Anirban Mahanty, a rising junior and a participant in the Office of Undergraduate Research and Creative Inquiry’s Work Study Research Assistant Program, has earned a prestigious scholarship from the National Institute of Health’s Undergraduate Scholarship Program.
The highly-competitive award — only 15 such scholarships are given each year — provides funding to students from disadvantaged backgrounds who are committed to careers in biomedical, behavioral, and social science health-related research.
As a result of his award, Mahanty will receive up to $20,000 in funding support from the NIH to cover tuition, educational expenses, and reasonable living expenses.
“It was a super cool feeling - I had to re-read the email a couple of times just to be sure I had been selected!” Mahanty said. “It has been such a huge gift, and is really a testament to how much effort has been put forward: not just by me but by everyone who has supported me at VCU.”
In addition to the financial help, the scholarship also provides the priceless experience of research training at the NIH. For starters, Mahanty will participate in a paid, 10-week summer laboratory experience in an NIH laboratory in 2021.
Perhaps the best perk, however, comes after graduation. As a part of the scholarship program, Mahanty will join the NIH as a full-time employee for two years after he graduates in order to continue his research and training.
“For me, being able to join the NIH after I graduate is the biggest incentive,” Mahanty said. “Ultimately, I want to pursue a joint M.D./Ph.D. program and become a surgical scientist, so being able to get this experience with the NIH and be part of this cohort is huge.”
Mahanty has participated in the Work Study Research Assistant Program since his freshman year in 2018, forming a bond with Herb Hill, the director of undergraduate research and creative inquiry whom Mahanty calls an “invaluable resource”.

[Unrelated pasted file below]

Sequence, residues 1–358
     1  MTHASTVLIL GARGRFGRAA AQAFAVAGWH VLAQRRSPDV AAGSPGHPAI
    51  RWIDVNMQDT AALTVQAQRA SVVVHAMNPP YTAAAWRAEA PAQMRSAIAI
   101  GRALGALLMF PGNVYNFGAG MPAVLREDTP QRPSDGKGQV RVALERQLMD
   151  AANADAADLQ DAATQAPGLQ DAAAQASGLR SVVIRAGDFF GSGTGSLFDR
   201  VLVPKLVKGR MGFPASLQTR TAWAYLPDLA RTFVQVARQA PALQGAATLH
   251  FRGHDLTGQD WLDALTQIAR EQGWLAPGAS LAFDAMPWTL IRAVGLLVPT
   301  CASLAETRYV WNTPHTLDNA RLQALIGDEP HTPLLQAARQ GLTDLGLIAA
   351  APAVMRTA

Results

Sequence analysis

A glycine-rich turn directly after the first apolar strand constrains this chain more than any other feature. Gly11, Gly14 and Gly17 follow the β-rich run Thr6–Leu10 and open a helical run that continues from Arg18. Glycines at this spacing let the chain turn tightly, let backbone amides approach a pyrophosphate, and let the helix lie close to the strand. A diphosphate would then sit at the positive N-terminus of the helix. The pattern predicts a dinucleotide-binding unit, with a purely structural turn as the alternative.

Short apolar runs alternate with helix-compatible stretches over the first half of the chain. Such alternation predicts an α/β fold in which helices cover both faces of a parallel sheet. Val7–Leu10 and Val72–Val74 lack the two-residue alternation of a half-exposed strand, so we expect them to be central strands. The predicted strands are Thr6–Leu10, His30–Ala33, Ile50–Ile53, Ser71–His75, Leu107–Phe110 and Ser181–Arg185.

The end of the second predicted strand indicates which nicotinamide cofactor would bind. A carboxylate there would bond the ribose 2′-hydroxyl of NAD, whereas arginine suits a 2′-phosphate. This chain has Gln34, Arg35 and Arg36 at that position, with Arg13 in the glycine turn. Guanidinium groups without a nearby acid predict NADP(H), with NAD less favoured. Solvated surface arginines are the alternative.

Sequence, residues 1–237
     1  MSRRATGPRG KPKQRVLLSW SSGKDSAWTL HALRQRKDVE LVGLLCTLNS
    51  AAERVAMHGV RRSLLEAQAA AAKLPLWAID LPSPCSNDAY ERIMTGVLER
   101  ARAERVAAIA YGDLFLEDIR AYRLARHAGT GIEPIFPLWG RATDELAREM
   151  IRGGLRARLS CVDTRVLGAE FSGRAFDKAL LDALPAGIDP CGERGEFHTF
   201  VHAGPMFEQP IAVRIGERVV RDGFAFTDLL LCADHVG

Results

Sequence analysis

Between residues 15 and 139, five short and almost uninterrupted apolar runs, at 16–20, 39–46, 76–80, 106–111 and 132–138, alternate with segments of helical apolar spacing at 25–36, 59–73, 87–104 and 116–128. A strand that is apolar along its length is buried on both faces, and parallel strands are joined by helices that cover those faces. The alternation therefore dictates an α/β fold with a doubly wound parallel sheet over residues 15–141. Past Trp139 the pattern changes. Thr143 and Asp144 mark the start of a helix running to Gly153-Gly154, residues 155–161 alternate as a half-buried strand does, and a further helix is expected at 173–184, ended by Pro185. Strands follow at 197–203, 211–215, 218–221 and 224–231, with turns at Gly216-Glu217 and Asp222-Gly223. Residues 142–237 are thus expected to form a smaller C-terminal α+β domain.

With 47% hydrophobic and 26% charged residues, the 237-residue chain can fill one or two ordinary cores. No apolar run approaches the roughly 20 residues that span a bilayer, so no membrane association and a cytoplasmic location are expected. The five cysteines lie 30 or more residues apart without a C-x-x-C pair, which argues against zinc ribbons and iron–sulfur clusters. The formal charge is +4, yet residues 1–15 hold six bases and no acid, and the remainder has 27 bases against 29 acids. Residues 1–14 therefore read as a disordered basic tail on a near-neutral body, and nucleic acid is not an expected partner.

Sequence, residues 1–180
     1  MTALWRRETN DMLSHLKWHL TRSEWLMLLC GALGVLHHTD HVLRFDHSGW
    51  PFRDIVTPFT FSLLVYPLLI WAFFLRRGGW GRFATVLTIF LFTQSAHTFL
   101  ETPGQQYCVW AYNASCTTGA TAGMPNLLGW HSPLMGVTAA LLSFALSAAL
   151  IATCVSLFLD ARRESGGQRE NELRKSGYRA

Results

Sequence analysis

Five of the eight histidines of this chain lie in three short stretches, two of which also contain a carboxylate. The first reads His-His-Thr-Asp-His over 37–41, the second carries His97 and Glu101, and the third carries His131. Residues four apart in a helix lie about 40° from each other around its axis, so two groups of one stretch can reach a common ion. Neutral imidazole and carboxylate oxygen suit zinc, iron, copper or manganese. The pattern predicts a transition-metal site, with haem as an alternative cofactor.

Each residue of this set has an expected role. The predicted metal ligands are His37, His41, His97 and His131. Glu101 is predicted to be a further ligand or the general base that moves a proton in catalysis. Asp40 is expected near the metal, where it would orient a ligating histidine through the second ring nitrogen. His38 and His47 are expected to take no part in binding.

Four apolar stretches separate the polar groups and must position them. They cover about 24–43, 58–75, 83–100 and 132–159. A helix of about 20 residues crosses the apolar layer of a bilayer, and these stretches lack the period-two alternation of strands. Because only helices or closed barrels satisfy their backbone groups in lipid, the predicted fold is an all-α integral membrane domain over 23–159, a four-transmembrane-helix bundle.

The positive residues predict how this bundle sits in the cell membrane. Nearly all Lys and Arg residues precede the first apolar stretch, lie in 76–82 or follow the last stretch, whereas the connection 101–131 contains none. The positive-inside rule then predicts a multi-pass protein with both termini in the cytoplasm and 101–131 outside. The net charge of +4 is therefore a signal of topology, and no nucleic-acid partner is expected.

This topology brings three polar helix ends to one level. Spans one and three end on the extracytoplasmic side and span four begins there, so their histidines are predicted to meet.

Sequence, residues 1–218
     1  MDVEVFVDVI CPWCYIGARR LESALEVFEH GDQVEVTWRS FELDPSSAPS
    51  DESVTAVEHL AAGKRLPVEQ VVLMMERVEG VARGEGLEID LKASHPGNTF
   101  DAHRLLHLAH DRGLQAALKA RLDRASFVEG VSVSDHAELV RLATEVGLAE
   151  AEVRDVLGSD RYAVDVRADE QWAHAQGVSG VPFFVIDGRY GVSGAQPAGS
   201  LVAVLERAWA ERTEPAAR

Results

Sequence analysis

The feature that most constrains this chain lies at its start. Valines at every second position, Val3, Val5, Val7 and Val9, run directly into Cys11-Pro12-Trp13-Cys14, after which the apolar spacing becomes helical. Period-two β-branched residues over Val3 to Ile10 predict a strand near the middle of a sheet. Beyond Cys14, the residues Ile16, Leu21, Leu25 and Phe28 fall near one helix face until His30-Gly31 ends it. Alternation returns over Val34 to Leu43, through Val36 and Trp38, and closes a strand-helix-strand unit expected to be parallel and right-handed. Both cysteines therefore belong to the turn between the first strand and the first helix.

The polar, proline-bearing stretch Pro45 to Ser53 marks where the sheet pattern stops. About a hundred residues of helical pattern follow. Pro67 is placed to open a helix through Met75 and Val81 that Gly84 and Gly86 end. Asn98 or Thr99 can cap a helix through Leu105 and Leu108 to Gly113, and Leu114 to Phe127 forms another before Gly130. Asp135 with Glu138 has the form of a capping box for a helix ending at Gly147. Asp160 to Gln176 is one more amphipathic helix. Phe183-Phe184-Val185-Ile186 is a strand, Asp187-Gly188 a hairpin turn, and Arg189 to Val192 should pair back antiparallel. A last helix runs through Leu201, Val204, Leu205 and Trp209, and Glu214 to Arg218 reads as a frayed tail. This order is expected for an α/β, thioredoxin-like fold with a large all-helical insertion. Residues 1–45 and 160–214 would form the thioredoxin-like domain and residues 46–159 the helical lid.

“Herb has taught me the art of balance,” Mahanty said. “He has helped me learn how to be fulfilled with what I do every day. I think that is the greatest strength anyone can have.”
“Anirban came in with a game plan,” Hill said of his mentee. “Sometimes you simply know when you are sitting across from a future scientist and scholar. Anirban really embodies all it takes to be successful in undergraduate research and experiential learning. He is academically curious and persistent, but also able to synthesize and transfer learning to new, complex situations beyond campus.”
A biology major and chemistry minor, Mahanty conducts research under the mentorship of VCU Biology’s Dr. Gregory Walsh. His current projects include researching the development of different neurological disorders in humans (such as fetal alcohol syndrome) through the study of zebrafish.
In addition to his coursework, Mahanty is also a member of both VCU LEAD and the Honors College, and represents VCU on the State Council of Higher Education for Virginia’s Student Advisory Council. He serves on a number of community groups on and off-campus, including the Medical Scientist Training Club, Center for Health and Human Rights, and American Physician Scientists Association.
Mahanty, however, is quick to credit the network of support he receives around campus with helping him get to where he is today.
“Without VCU, I would not be on the path I am now,” Mahanty said. “I’m so grateful for all the people at VCU that look out for me both professionally and personally. VCU is home to me now.”